When is bad news good news? Take a look at last week.
Major stock indices in the United States hit all-time highs on Friday, despite a lackluster employment report and a surge in COVID-19 cases, reported Lewis Krauskopf of Reuters. During the week, we saw:
• The slowest jobs growth since the economic recovery began. The Bureau of Labor Statistics reported 245,000 jobs were created in November. “…a key sign of holiday enthusiasm – the hiring of thousands of workers to help with the holiday retail rush – simply didn’t happen this year. Some of those workers – but clearly not enough – are helping with online shopping duties, filling warehouses around the country, or driving vans from house to house,” reported Avi Salzman of Barron’s.
• New unemployment claims remain steady. More than one million people a week are filing first time jobless claims, reported Dion Rabouin of Axios. On November 14, more than 20 million Americans were receiving unemployment assistance.
It’s difficult to know how much weight to give this data since the Government Accountability Office shared weekly unemployment insurance estimates issued by the Department of Labor “… have potentially both overestimated and underestimated the total number of individuals actually claiming unemployment insurance…due to state backlogs in processing claims and other data issues…”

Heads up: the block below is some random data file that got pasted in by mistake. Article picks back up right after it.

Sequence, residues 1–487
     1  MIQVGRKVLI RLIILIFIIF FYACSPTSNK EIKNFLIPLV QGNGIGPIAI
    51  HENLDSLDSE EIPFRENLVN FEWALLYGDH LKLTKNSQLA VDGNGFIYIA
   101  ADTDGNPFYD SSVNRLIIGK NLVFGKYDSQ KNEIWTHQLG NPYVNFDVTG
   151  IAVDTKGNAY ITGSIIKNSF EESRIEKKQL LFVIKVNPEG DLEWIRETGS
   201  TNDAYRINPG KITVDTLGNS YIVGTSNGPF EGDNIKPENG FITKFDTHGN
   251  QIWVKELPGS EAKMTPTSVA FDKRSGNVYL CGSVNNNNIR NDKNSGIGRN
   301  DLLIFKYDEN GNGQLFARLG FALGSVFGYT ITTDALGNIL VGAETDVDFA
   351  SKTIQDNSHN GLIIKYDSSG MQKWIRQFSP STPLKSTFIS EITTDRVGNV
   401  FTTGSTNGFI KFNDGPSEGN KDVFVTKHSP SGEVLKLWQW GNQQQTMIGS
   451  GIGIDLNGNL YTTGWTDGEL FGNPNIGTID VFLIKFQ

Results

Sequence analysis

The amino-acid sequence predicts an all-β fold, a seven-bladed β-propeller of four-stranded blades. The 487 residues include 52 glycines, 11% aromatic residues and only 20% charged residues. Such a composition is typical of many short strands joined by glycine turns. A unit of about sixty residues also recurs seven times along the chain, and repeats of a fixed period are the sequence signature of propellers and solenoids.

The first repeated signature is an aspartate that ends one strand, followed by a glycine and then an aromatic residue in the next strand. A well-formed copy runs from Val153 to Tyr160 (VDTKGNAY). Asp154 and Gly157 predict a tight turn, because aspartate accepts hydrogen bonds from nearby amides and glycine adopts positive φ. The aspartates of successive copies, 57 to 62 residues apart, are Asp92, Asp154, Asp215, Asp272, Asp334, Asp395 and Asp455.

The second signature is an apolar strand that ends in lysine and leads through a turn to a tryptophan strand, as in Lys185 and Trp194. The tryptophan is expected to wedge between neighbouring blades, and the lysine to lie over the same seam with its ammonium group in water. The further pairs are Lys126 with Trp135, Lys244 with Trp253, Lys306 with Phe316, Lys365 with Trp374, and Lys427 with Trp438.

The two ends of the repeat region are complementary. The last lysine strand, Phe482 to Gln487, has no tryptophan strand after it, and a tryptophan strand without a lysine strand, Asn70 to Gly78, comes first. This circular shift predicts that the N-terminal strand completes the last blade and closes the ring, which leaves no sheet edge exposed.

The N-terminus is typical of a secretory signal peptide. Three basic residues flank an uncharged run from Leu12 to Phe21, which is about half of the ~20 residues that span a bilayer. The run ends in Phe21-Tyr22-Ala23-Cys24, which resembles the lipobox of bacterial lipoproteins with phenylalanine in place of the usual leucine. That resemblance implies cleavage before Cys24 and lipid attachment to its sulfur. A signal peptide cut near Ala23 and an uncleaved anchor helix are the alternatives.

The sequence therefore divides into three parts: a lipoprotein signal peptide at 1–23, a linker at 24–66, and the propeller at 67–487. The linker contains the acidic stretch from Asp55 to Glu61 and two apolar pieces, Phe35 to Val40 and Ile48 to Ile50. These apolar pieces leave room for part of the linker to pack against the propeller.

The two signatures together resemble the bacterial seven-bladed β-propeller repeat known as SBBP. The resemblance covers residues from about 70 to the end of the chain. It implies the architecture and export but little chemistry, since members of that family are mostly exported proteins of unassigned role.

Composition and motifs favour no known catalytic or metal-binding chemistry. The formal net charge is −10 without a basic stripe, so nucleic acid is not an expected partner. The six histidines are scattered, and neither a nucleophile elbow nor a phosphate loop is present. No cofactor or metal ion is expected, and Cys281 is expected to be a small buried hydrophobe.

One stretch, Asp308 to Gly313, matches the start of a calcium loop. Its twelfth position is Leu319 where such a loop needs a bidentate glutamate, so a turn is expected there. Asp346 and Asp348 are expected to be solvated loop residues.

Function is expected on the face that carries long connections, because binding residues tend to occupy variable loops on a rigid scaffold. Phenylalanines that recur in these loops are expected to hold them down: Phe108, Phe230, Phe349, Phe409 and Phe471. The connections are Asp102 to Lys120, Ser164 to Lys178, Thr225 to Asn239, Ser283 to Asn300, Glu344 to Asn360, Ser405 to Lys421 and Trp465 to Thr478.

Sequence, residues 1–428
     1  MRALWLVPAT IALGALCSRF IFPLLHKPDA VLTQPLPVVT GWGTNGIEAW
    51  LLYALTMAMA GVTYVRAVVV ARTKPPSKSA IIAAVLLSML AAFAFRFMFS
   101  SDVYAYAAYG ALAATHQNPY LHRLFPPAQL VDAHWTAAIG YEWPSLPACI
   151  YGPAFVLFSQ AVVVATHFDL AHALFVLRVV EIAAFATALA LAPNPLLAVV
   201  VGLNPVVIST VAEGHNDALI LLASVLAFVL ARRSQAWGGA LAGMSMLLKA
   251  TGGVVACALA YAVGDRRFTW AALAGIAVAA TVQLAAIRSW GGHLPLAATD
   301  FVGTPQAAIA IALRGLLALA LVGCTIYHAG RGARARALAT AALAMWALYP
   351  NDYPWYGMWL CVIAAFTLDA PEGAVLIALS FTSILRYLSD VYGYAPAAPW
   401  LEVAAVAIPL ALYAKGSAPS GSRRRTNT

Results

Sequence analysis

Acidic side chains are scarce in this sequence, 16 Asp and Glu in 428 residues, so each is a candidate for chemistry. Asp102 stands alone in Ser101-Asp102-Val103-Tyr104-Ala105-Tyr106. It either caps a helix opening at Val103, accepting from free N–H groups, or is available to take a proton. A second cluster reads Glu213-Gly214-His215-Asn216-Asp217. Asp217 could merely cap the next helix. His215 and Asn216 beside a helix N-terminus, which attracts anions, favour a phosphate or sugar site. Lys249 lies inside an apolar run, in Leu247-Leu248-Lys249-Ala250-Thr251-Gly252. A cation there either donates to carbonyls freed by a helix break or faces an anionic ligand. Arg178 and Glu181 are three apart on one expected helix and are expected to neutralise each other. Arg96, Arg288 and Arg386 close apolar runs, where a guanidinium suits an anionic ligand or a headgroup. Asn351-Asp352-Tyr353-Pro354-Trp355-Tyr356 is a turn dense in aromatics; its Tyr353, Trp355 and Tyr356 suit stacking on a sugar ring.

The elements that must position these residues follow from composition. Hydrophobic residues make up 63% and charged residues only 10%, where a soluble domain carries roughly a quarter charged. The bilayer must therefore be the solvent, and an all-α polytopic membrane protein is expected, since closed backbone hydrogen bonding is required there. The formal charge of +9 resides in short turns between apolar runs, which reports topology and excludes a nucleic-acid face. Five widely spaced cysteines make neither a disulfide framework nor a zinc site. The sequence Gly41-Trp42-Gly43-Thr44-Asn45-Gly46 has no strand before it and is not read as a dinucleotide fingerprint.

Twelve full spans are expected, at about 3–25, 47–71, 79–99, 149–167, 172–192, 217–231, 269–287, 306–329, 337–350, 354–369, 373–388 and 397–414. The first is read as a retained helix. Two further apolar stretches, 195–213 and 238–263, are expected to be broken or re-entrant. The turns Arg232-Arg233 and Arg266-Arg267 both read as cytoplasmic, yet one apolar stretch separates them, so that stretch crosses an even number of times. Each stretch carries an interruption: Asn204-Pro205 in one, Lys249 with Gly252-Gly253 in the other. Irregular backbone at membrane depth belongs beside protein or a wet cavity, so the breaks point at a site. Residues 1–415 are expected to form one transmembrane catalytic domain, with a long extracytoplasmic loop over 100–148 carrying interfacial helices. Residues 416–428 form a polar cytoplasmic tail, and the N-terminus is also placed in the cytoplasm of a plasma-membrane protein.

• COVID-19 cases spiked across the United States. Coronavirus-related deaths hit a one-day record last week, and “…hospitalizations surpassed 100,000 for the first time this week, leaving hospitals in some regions of the country without enough beds in intensive-care units to meet their patients’ needs,” reported Melanie Evans of The Wall Street Journal. This is undermining consumer confidence and depressing economic activity.
In light of this news, why were markets bullish?
Signs the economic recovery is faltering create a strong incentive for Congress to pass a stimulus bill in 2020 instead of delaying until next year, reported Barron’s. An analyst cited by the publication said, “Under the circumstances, it is hard to be a seller of any risk asset as long as there is a good possibility of getting a deal done…”
During the next few months, markets may be quite volatile. Hang tight and keep your eyes on your long-term financial goals.
Data as of 12/4/20
1-Week Y-T-D 1-Year 3-Year 5-Year 10-Year
Standard & Poor’s 500 (Domestic Stocks) 1.7% 14.5% 18.8% 11.9% 12.1% 11.7%
Vanguard Total Intl Index (Foreign Stocks) 1.4 8.6 13.3 5.0 8.0 5.1
10-year Treasury Note (Yield Only) 1.0 NA 1.8 2.4 2.3 2.9
Gold (per ounce) 3.6 21.0 25.0 13.1 11.3 2.7
Bloomberg Commodity Index -0.7 -8.2 -4.6 -4.7 -1.9 -7.0
S&P 500, Vanguard Total Intl Index, Gold, Bloomberg Commodity Index returns exclude reinvested dividends (gold does not pay a dividend) and the three-, five-, and 10-year returns are annualized; and the 10-year Treasury Note is simply the yield at the close of the day on each of the historical time periods. Sources: Yahoo! Finance, MarketWatch, djindexes.com, London Bullion Market Association. Past performance is no guarantee of future results. Indices are unmanaged and cannot be invested into directly. N/A means not applicable.